www.digitalmars.com         C & C++   DMDScript  

digitalmars.D.learn - Template argument deduction not working with template specialization

reply Paul <paultjeadriaanse gmail.com> writes:
While trying to use template specializations I noticed the 
argument deductions do not yield the same version as the ones 
yielded when being explicit.
Example:

 uint a = 1;
 uint[] b = [2];
 TFoo(a);
 TFoo!(uint[])(b);
 void TFoo(T)(T a) {
 	pragma(msg, "T: " ~ T.stringof);
 }
 
 void TFoo(T : T[])(T[] a) {
 	pragma(msg, "T[]: " ~ T.stringof);
 }
I noticed that an automatically deduced TFoo call always yields the first, while TFoo!(uint[]) yields the array version if present, and defaults to the first elsewise. Am I incorrect in expecting the same behavior when (ab)using argument deduction or does my usage make sense? I tried searching for this combination (deduction & specialization) but couldn't find another forum post / documentation example.
Jan 17
next sibling parent reply Steven Schveighoffer <schveiguy gmail.com> writes:
On 1/17/21 11:22 AM, Paul wrote:
 While trying to use template specializations I noticed the argument 
 deductions do not yield the same version as the ones yielded when being 
 explicit.
 Example:
 
 uint a = 1;
 uint[] b = [2];
 TFoo(a);
 TFoo!(uint[])(b);
 void TFoo(T)(T a) {
     pragma(msg, "T: " ~ T.stringof);
 }

 void TFoo(T : T[])(T[] a) {
     pragma(msg, "T[]: " ~ T.stringof);
 }
I noticed that an automatically deduced TFoo call always yields the first, while TFoo!(uint[]) yields the array version if present, and defaults to the first elsewise. Am I incorrect in expecting the same behavior when (ab)using argument deduction or does my usage make sense? I tried searching for this combination (deduction & specialization) but couldn't find another forum post / documentation example.
I've always hated that aspect of specialization. I don't really understand why it's valid (how can T be T[]?) This works: void TFoo(T : U[], U)(T a) -Steve
Jan 17
parent reply Paul <paultjeadriaanse gmail.com> writes:
On Sunday, 17 January 2021 at 16:42:27 UTC, Steven Schveighoffer 
wrote:
 I've always hated that aspect of specialization. I don't really 
 understand why it's valid (how can T be T[]?)
I totally agree with that, that confuses me as well.
 This works:

 void TFoo(T : U[], U)(T a)
Oh cool, that's surprising to say the least. Thanks! This indeed works with argument deduction :)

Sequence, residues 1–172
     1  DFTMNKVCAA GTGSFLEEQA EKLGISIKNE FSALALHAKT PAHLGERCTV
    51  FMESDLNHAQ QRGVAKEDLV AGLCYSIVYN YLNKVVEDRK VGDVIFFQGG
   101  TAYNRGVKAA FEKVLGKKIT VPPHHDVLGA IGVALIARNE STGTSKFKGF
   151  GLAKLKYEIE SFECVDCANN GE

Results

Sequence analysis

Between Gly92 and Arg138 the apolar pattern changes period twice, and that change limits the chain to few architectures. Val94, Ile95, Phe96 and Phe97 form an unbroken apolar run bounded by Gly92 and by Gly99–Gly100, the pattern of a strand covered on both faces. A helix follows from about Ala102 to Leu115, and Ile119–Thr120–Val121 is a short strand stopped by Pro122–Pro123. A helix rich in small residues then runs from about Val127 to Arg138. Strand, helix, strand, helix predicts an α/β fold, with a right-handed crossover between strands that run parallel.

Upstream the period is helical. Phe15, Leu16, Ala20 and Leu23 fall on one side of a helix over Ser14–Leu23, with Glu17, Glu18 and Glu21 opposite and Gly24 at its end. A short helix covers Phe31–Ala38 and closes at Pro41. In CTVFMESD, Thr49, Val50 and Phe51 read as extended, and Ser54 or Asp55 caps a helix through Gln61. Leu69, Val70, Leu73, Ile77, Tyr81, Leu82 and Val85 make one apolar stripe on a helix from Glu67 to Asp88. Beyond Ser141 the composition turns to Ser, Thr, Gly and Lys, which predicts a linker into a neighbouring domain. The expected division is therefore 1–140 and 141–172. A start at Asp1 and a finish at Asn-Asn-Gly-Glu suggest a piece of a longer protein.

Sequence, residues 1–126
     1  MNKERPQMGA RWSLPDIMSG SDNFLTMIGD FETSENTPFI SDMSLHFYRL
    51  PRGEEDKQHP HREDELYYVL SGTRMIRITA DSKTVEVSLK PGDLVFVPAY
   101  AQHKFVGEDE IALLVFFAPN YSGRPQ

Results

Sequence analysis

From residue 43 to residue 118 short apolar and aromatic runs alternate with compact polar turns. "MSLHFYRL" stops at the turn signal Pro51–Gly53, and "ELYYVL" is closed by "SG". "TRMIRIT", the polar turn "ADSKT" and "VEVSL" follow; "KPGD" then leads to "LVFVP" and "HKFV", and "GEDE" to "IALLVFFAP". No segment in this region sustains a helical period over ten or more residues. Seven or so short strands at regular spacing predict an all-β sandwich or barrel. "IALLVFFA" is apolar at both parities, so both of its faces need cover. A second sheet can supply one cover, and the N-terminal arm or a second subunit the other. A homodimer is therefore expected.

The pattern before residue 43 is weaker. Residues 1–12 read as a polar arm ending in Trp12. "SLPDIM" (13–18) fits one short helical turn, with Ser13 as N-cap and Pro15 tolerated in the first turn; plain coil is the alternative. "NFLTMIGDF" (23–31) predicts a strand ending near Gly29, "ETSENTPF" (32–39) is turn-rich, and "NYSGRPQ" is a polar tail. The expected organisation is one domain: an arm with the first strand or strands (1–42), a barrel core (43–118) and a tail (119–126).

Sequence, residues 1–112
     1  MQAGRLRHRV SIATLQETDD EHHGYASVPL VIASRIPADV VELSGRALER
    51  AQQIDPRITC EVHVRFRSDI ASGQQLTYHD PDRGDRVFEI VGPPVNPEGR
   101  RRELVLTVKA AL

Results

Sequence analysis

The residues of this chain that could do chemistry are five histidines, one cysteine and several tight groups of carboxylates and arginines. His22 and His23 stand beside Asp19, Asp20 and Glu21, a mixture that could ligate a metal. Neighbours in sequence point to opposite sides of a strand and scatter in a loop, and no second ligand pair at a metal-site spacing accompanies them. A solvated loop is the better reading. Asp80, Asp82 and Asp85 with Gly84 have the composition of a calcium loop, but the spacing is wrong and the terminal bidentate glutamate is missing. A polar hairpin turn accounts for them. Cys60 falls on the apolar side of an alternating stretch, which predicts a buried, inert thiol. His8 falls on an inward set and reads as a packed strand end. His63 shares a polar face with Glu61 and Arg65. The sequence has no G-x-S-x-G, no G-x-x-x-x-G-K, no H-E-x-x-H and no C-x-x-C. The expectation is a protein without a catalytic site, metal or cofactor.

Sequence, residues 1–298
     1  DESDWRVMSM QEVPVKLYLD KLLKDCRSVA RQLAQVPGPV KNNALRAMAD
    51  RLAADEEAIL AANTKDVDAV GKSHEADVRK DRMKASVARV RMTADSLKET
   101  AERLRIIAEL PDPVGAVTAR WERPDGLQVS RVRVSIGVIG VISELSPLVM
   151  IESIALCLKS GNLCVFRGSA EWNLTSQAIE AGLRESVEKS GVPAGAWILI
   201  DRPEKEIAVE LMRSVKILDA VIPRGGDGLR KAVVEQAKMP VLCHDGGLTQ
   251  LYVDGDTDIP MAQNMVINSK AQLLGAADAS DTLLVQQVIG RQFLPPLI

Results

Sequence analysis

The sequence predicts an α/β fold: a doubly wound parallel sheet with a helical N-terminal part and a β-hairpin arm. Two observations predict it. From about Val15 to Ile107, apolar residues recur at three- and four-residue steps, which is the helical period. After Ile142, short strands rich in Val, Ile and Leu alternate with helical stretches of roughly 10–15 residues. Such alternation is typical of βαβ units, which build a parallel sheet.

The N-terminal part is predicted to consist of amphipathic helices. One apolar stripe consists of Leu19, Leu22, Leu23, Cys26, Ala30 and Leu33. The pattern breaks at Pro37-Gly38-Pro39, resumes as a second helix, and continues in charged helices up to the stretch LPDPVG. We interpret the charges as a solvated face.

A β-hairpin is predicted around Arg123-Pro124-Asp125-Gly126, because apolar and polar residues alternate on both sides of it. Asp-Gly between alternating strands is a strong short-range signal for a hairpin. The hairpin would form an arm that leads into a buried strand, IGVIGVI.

Jan 17
parent Steven Schveighoffer <schveiguy gmail.com> writes:
On 1/17/21 3:41 PM, Paul wrote:
 On Sunday, 17 January 2021 at 16:42:27 UTC, Steven Schveighoffer wrote:
 This works:

 void TFoo(T : U[], U)(T a)
Oh cool, that's surprising to say the least. Thanks! This indeed works with argument deduction :)
It's basically saying if T matches the pattern U[] for some U (which is actually defined now inside the function), then it's a match (and preferred over the non-specialized template). -Steve
Jan 17
prev sibling parent Paul <paultjeadriaanse gmail.com> writes:
I just figured out half of my frustration is caused by a 
collision between the 'alias this'd template possibillity and the 
normal one.
For example:

 struct Bar(uint size, V) {
 	V[size] blup;
 	alias blup this;
 }
 
 void foo(S : T[], T)(S a) {
 	pragma(msg, "first");
 }
 
 void foo(S : Bar!(T, U), uint T, U)(S a) {
 	pragma(msg, "second");
 }
 Bar!(2, int) bar;
 foo(bar);
Will cause "called with argument types `(Bar!(2u, int))` matches both:DUB" (And "undefined identifier `T`DUB", "undefined identifier `U`DUB", but thats a false positive :/) While removal of either will make it work fine, as would removal of the alias. Templating:
 The template picked to instantiate is the one that is most 
 specialized that fits the types of the TemplateArgumentList.
Alias this:
 If an aggregate declaration defines an opCmp or opEquals 
 method, it will take precedence to that of the aliased this 
 member.
I was of the impression D only defaulted to the alias when the original implementation of a (member) function was missing / disfunctional. Shouldn't aliasing also follow this logic when using template specializations? (Even though it may not be a member function)
Jan 17